This is someone who had an unusual double career in TV, and he went on to succeed in two rather different genres. Paul Daniels originally found fame as a magician, performing various tricks, and always encouraging audience participation. By the late-70s he had his own magic show on TV, were he performed, along with showcasing many other talents from around the world (I might do a piece about that show soon too).
It’s no wonder people were soon calling him “the man who excels”. It was in the early-80s when he started to host game shows. One of the earliest was BBC Radio 2’s Dealing With Daniels, which featured a playing card-scoring system, and celebrities as the panellists. Around the same time he launched his trilogy of TV game shows.
The first of these was Odd One Out, which had a fairly straightforward idea, but was much enhanced by his handling of the show (there was a marvellous opening sequence too). He then moved on to Every Second Counts, and he caused something of a stir, as it was around this time that he ditched his syrup. He seemed to like to get a little more out of contestants than most hosts, so for example he’d make them use props to answer, or say something different to the usual “yes” or “no”.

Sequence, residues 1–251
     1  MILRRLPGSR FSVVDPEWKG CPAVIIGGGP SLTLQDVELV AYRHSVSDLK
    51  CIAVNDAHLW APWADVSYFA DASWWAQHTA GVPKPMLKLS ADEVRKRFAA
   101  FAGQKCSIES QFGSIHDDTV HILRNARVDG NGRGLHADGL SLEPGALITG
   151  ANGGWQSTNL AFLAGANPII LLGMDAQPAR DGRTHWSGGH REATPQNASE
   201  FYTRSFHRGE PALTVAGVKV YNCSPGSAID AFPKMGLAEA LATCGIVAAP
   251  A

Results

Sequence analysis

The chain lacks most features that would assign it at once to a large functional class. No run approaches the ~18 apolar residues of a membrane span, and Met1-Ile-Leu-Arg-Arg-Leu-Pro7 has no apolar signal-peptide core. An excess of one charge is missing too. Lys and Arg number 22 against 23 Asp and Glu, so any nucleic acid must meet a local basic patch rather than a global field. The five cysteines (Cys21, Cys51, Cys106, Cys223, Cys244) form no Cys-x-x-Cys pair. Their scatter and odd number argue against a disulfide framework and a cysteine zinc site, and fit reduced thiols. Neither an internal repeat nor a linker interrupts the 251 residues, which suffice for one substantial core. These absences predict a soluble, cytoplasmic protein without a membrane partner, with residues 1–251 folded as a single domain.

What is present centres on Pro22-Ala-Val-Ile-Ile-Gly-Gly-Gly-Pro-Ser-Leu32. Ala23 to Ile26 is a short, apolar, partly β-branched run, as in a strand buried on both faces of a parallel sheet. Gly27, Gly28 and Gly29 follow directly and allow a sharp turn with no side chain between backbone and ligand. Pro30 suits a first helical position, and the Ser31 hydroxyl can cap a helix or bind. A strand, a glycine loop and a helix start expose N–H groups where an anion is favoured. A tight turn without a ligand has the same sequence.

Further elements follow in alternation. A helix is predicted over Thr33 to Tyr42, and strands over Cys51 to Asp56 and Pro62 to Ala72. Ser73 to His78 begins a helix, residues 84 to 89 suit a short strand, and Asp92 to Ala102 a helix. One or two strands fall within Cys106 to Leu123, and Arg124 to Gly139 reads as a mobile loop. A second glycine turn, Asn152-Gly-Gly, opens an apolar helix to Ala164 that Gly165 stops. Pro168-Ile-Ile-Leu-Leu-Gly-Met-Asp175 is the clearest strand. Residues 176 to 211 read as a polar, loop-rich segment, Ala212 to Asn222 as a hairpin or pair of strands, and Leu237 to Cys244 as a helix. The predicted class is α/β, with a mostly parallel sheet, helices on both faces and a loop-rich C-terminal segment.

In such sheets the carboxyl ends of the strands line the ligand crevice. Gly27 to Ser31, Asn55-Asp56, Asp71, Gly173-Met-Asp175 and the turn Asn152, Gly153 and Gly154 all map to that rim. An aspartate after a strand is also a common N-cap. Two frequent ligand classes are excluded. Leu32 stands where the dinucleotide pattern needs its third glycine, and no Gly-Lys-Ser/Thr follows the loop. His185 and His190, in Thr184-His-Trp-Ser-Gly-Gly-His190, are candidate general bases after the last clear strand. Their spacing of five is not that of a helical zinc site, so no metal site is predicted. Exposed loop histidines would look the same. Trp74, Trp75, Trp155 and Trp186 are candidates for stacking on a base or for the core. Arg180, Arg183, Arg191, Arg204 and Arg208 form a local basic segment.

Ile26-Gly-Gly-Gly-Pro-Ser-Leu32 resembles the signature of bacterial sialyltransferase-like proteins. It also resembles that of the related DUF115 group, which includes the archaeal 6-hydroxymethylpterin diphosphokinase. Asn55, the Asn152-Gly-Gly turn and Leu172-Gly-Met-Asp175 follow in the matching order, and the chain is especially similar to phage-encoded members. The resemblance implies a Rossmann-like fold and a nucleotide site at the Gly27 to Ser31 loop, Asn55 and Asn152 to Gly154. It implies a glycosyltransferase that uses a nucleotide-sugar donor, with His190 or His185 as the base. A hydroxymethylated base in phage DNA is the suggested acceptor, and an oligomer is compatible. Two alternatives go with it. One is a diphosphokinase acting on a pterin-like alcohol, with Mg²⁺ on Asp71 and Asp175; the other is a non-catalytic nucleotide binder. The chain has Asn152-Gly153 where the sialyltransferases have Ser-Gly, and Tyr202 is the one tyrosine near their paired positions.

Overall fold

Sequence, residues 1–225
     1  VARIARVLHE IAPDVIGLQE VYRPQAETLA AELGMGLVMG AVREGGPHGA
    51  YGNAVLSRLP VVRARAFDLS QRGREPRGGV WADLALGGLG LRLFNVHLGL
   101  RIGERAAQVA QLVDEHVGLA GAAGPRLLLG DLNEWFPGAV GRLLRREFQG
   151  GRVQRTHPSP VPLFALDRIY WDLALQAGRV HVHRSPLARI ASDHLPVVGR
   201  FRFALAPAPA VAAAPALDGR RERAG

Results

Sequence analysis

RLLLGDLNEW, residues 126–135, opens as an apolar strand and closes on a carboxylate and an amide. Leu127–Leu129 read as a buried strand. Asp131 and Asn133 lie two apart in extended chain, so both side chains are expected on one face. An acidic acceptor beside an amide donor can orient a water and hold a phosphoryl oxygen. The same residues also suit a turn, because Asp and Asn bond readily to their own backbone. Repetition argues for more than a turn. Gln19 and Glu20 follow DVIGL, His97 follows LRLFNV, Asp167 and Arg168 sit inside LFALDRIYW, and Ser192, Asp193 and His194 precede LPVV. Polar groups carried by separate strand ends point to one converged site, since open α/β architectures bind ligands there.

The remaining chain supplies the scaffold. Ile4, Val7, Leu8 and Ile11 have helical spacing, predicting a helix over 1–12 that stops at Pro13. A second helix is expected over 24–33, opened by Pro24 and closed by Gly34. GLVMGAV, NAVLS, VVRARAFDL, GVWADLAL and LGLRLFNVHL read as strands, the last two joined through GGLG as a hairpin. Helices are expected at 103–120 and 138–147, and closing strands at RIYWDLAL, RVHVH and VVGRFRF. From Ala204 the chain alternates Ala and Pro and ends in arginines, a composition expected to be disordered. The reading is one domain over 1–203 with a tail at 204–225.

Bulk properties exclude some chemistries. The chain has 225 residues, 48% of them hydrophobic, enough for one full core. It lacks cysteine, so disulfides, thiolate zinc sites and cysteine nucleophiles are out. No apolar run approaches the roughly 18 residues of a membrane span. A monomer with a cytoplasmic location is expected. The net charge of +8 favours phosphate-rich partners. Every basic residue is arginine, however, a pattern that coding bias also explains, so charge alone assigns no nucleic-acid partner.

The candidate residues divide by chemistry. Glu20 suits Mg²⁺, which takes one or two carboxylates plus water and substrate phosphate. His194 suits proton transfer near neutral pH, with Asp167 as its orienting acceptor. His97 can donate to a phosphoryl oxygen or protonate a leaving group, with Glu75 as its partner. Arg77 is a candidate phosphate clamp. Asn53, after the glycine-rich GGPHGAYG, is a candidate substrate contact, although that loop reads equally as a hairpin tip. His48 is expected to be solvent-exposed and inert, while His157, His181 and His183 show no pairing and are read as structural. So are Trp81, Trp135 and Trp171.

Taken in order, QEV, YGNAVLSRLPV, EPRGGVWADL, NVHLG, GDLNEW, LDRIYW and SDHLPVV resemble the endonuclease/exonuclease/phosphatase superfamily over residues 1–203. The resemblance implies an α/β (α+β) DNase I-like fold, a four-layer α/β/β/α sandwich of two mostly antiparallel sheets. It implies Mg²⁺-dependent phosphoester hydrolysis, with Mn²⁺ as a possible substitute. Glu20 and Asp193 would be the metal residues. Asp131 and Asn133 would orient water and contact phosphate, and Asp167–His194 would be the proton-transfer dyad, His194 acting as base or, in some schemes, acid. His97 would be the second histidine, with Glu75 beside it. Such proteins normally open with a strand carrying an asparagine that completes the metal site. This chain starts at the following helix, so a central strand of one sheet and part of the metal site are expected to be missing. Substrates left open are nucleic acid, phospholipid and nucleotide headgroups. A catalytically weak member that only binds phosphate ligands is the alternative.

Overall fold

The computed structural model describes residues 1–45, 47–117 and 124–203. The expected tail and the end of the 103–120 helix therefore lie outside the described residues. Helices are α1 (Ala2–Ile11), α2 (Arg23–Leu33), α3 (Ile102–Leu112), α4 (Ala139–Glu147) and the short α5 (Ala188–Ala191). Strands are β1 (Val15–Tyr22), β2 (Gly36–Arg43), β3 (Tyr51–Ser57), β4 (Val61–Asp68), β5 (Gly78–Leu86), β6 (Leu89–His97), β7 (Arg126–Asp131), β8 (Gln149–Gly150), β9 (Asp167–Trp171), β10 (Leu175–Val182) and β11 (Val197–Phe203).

There were also some fancy prizes on offer, well they were rather fancy for the time at least, but who could turn down the offer of a new dishwasher back then? Also around this time, his magic show continued with some increasingly spectacular stunts, and he also contributed to the rather bizarre CBBC show Wizbit. His son Martin proved that wanting to be on TV ran in the family when he hosted a game show in the late-80s too.
By the time that Every Second Counts ended In the mid-90s though, his magic show was also coming to an end, although it had ran for about 15 years with several variations on the idea, so maybe it was time to try something new. His third and final TV game show was Wipeout, which again had some quirky questions. And you’d win a paperweight just for turning up. However, the final editions weren’t shown in a primetime slot, and he had no other shows on the go at this point, so by the late-90s, he had practically left the screen.
He did continue to tour his magic show across the country with his family also taking part, but most of his TV appearances after this were mildly embarrassing himself and being booted off first on The X Factor and the like, and being a figure “people love to hate”, although he also took part in an interesting documentary where he tried to find fame with his act in America. But he does deserve credit for his pioneering TV work.